The reason, according to Washington Post education blogger Liz Willen, is a “communication breakdown” that has educators mired in jargon-filled language featuring “buzz words like scaffolding, scaling, implementing, learning outcomes, pedagogy, stackable credentials, data-driven instruction, high-impact educational practices, human capital blended learning, and hybrid learning.”

In “Ball of confusion: How ‘edu-speak’ leaves too many parents behind,” Willen notes that she regularly reports on school reform efforts, “but I can’t help mourning the hideous jargon that’s crept into the education lexicon. It’s absolutely critical for parents to understand not just what’s going on in their children’s schools, but also how it fits in the large picture of U.S. public education . . .”

Although phrases such as “backward design,” “curriculum mapping,” “learning pathway,” and “growth mindset” easily trip off the tongues of educators and fly from the keyboards of journalists, parents all too often find themselves tuning out, or their eyes glazing over when assaulted by such jargon. 

Read more: Parents Tuning Out "Edu-Speak"

Yesterday, an e-newsletter from the Office of Parent and Family Programs at my son's university landed in my inbox. It included: a greeting from the program director, information on upcoming events, and updates on the school's winter break operations.

But most notable was a special message from the school’s office of Counseling and Psychological Services addressing a growing issue: “Our students are overloading themselves with too many classes, too many credits, too many activities, and too many commitments! This often results in students feeling overwhelmed and without time to ‘just be.’”

The message went on to concede that this particular university’s environment could be seen as “very competitive . . . with highly ambitious students who often feel like they don’t want to do less than their peers. . . Our students often push themselves until they are sleep deprived and unable to perform well because they are stretched too thin. And many of these students are stubborn about lessening their load.”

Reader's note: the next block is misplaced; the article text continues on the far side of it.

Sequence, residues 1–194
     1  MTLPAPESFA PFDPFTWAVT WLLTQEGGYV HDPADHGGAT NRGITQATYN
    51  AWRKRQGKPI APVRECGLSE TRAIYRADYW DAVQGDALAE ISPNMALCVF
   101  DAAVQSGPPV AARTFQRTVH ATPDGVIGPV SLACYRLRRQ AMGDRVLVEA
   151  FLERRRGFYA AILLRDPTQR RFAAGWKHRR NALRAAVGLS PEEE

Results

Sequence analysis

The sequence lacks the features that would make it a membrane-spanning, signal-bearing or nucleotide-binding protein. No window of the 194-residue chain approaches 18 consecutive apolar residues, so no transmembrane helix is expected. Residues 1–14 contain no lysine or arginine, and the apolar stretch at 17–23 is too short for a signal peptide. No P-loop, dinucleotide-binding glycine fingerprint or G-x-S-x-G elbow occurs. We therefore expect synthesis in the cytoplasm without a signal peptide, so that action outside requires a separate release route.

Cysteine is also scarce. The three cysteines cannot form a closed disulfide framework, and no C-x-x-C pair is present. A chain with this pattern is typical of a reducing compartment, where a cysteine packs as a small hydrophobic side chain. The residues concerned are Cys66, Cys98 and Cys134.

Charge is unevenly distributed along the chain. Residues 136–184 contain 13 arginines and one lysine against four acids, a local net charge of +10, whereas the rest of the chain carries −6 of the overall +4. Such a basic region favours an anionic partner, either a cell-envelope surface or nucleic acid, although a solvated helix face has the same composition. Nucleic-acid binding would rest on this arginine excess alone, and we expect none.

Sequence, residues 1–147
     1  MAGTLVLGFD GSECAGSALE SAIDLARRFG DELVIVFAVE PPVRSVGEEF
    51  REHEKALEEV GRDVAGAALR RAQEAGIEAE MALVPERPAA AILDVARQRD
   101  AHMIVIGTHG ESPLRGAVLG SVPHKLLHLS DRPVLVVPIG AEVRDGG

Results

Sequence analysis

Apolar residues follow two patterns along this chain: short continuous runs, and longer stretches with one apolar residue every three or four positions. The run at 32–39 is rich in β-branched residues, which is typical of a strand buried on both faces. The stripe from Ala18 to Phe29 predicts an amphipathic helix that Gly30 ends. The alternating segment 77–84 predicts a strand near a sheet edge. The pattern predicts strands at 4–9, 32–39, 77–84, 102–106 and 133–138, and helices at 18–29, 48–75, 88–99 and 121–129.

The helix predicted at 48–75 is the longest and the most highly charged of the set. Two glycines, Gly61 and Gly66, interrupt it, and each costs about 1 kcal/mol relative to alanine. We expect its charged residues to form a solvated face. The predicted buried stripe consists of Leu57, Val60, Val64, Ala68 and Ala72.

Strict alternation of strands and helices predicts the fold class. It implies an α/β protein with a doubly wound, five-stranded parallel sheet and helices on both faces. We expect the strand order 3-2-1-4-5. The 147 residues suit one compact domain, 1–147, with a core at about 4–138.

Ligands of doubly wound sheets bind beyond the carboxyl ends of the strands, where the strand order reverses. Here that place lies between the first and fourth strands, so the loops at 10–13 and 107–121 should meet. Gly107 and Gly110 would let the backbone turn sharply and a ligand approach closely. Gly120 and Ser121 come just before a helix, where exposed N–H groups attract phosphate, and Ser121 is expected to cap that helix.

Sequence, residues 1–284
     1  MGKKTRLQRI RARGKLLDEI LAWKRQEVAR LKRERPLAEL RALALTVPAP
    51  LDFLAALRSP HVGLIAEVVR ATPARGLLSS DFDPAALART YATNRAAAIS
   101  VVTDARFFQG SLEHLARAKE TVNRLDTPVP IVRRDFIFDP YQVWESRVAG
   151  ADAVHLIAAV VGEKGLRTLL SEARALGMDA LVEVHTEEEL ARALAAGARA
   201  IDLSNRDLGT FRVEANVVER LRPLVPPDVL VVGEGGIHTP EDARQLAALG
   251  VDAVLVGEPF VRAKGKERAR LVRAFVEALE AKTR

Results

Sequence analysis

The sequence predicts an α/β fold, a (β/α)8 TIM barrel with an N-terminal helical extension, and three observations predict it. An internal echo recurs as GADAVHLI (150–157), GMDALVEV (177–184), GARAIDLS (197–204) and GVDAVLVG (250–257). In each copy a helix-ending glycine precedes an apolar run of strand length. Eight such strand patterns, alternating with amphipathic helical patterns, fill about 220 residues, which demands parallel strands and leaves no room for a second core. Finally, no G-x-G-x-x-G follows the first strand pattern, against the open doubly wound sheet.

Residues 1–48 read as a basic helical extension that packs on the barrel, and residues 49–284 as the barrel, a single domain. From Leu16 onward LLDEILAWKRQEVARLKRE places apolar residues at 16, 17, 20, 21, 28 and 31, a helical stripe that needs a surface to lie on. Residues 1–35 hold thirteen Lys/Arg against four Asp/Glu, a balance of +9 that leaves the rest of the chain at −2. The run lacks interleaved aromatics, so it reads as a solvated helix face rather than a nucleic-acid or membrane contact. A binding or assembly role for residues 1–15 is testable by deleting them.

While such words are difficult for parents of college students to hear, they sadly also ring true for parents of many academically talented, high-achieving high schoolers. Ironically, a large percentage of these students find themselves in similar situations precisely because they are striving to get into the nation’s most rigorous colleges and universities. Where, apparently, many will find more of the same. 

Read more: College: Too Many Classes, Commitments?

Veteran education reporter John Merrow has come out in support of a two-pronged school reform initiative that would eliminate 12th grade and use the money saved to expand early childhood education—an idea I think could be particularly well suited to a number of gifted students.

In a post titled “Subtracting to Add” published on his blog Taking Notelast month, Merrow urged states to “think outside the box,” noting that the move could “provide free, high quality, universal preschool for all of our 4-year-olds, and rescue our 12th graders from boredom at the same time.”

Read more: One Way to Cure Senioritis